We have previously recognized as pertinent considerations whether the statement impairs discipline by superiors or harmony among coworkers, has a detrimental impact on close working relationships for which personal loyalty and confidence are necessary, or impedes the performance of the speaker's duties or interferes with the regular operation of the enterprise.

These considerations . . . make apparent that the state interest element . . . focuses on the effective functioning of the public employer's enterprise. . . . [A]voiding such interference can be a strong state interest.

* * * * * *

[I]n weighing the State's interest . . . some attention must be paid to the responsibilities of the employee within the agency. The burden of caution employees bear with respect to the words they speak will vary with the extent of authority and public accountability the employee's role entails. Where, as here, an employee serves no confidential, policymaking, or public contact role, the danger to the agency's successful function . . . is minimal.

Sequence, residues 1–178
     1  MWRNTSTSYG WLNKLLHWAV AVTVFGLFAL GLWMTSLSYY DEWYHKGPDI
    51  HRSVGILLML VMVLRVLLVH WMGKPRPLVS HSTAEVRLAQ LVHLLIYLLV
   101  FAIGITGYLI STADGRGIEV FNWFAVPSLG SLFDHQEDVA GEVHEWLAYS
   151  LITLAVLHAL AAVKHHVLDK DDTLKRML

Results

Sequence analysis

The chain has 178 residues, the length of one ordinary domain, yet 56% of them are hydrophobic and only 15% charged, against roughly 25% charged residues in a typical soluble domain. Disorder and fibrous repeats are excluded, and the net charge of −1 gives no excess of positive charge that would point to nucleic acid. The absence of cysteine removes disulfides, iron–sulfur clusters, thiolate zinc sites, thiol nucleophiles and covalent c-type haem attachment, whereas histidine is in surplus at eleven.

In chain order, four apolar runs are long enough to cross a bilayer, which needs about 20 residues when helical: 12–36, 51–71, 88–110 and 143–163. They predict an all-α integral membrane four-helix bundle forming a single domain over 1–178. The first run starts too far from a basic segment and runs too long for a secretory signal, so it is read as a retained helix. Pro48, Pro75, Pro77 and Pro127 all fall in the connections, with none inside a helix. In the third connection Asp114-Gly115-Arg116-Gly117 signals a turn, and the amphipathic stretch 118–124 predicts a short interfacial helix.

107 S.Ct. at 2899-2900 (emphasis added). The majority concluded that "McPherson's employment-related interaction with the Constable was apparently negligible. Her duties were purely clerical and were limited solely to the civil process function. . . . There is no indication that she would ever be in a position to further — or indeed to have any involvement with — the minimal law enforcement activity engaged in by the constable's office." 107 S.Ct. at 2900.

Accepting without deciding, that the contents of Warner's letter are, at least on their face, an expression of public concern, we now make a comparative analysis of the facts in the case at bar with the facts and holding in Rankin: